Only show what is necessary for the reader to know WHEN it’s necessary for the reader to know.
Maybe later in the story, the reader needs to know that the reason the hero rejected the heroine was because her father threatened him (maybe she was rich and he was the poor kid across the tracks). Once the reader needs to know this information, then you can weave it through with their dialogue and thoughts. Or maybe introduce a new character—her father.
Avoid flashbacks when possible.
I know, I know. We could debate this topic for a week. But my suggestion for new writers is that often, you don’t really need the flashback. It can be much more effective to keep the story active in the present and have the characters talk about what happened in the past. If you show their conversation, you’ve got even more conflict from the present to add to the scene.
Using my made up heroine and her new boss, the hero who broke her heart... Instead of using a flashback to high school where the hero is telling the heroine he’s not interested, that she must have imagined his feelings for her, use an active scene where they discuss it in the present. Maybe she’s angry about something that happened at work, and she tells him she must have imagined that she put the file on his desk. And he can immediately remember that moment years ago when he broke her heart, can feel regret for the pain he caused. Or if you’re in her point of view, she can see the recognition on his face, and feel good that he knows he hurt her. This way, it’s more fun for readers, because they get to stay in the current story yet see a little more of the hurtful past revealed.
|Photo credit: iStock_0000015839|
Start a story where it really needs to be started, and don’t be tempted to write a prologue unless you have a REALLY good reason to. (You can look back at this recent post on whether to use prologues from WinnieGriggs.)
Personally, I like to read prologues. But I still feel I need to warn against using one without a good reason—and it’s for the same reason I gave in tip #3. You want the reader to stay in an active, present story. Why? Because the outcome of the current problem is what’s important to readers. They want to see the characters facing trials, overcoming, growing, changing and winning. Events that already happened in the past...well, they’ve already happened and can’t be changed (unless you’re writing time travel!). :)
If you’ve written a prologue already, consider whether there are places in your story where you could feed in that information in bits of dialogue or thoughts. Could keeping that prologue a mystery even help your story? Maybe you could open your story hinting at an event in the past so the reader will want to keep reading to find out what happened.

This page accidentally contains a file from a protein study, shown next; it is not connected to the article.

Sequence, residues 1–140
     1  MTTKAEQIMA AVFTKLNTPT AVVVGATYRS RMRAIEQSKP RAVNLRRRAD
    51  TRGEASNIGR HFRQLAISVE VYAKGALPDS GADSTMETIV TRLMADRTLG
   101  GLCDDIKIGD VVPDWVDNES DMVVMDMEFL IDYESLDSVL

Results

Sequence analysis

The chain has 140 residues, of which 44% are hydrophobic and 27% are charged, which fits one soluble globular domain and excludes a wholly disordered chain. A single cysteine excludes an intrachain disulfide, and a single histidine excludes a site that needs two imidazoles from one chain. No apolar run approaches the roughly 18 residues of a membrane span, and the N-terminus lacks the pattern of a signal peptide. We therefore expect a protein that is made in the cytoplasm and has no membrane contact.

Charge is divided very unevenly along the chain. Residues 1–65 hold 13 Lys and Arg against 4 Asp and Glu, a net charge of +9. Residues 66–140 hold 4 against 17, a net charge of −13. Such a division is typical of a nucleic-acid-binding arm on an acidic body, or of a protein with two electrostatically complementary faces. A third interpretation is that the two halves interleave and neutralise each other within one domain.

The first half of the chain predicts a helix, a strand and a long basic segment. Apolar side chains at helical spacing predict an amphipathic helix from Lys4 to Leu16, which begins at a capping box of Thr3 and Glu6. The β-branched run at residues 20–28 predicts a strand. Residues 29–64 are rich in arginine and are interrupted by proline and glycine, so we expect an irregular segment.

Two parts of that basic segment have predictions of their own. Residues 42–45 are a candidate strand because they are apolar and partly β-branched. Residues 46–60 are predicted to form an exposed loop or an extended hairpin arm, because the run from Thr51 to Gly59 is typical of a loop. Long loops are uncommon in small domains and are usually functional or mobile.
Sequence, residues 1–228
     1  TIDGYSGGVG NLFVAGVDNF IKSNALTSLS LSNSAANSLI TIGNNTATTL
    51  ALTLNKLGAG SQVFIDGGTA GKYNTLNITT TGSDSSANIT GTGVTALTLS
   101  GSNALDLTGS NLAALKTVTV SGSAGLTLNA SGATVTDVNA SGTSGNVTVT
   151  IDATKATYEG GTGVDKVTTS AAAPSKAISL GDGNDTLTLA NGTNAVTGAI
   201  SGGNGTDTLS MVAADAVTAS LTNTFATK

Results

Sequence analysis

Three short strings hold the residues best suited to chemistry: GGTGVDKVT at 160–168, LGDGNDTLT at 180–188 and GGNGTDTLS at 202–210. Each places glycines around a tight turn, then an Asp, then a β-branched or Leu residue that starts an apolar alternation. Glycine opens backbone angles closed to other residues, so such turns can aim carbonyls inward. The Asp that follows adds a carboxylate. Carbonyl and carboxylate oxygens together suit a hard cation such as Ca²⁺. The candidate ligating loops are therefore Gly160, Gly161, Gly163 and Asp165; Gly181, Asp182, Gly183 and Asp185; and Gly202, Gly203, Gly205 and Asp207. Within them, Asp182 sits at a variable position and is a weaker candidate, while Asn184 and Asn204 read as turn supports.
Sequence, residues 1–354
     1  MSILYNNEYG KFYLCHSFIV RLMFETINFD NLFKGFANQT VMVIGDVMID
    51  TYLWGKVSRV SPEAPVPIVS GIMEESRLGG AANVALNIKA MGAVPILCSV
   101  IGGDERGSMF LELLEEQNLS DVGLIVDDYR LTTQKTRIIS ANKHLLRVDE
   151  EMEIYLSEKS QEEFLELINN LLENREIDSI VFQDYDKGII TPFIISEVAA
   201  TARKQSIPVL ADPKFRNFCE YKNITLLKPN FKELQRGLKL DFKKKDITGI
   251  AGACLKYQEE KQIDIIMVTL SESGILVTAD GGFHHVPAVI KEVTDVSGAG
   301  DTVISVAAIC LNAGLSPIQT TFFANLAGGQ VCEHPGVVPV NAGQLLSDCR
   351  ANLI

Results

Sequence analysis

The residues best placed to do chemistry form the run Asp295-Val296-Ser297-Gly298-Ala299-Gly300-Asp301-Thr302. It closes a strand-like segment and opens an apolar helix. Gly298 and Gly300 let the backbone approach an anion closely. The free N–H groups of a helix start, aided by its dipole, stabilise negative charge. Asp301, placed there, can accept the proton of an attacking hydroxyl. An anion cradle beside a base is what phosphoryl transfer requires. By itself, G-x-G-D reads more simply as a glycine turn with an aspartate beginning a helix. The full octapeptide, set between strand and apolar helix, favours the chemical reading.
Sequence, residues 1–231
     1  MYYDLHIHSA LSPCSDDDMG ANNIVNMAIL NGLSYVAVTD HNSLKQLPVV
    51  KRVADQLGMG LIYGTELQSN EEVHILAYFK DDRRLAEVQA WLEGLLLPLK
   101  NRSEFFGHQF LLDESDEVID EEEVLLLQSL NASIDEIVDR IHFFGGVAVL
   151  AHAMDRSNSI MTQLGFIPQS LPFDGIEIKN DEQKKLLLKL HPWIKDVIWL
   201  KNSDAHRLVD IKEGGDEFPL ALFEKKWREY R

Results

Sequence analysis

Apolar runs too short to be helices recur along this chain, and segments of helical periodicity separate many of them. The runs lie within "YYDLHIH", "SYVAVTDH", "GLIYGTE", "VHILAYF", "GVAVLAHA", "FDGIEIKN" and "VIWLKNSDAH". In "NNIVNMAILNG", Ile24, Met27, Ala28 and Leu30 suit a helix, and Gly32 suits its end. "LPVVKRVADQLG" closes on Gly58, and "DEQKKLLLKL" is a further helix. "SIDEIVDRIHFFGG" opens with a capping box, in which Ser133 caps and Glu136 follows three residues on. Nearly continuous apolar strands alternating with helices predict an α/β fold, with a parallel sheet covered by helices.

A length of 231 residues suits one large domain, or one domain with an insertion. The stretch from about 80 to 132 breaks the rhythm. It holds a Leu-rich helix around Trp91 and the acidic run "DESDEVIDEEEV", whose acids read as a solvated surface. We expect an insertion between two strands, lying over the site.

Not everything that happened in the past is relevant.
Don’t feel like you have to include everything you dream up about your characters in your story. Use only what is going to reveal character, enhance conflict, reveal motivation, or drive character actions.
Don’t include that when the hero was five he ate Cheerios every morning for breakfast...unless it’s important. If he ate them because he likes the taste and still eats them every day, that’s probably not useful (unless it shows he never likes to vary his routine, which drives the heroine crazy). Or did he develop that habit because his mom deserted him and that’s all he could prepare for himself? That might be important in the present when he’s scared to love the heroine, afraid she’ll leave him.
Pick and choose. Use details from the past only if they’re important to the current story.
But the reverse it true as well. Go digging into these details and find some you can add to your story! Use them to enhance the conflict or characterization. Use them to add emotional depth. Use those past fears to cause bad decisions with consequences, which will show character growth.
And HAVE FUN WITH IT!
Today, I’d love to hear what details from your characters’ backstory that you’ve used to enhance the present story. Do you use flashbacks? Do you like to read them? Please share!
GIVEAWAY! If you’d like to win a critique of your first 5 pages for how well you’ve used backstory, please let me know in the comments that you’d like to be entered!
Missy Tippens, a pastor’s wife and mom of three from near Atlanta, Georgia, made her first sale to Harlequin Love Inspired in 2007. Her books have since been nominated for the Booksellers Best, ACFW Carol Award, Gayle Wilson Award of Excellence, Maggie Award, Beacon Contest and a 2013 RT Reviewer’s Choice Award. A House Full of Hope was a Romance Writers of America 2013 RITA® Nominee. Her next from Love Inspired, coming in October, is The Guy Next Door. Visit Missy at www.missytippens.com.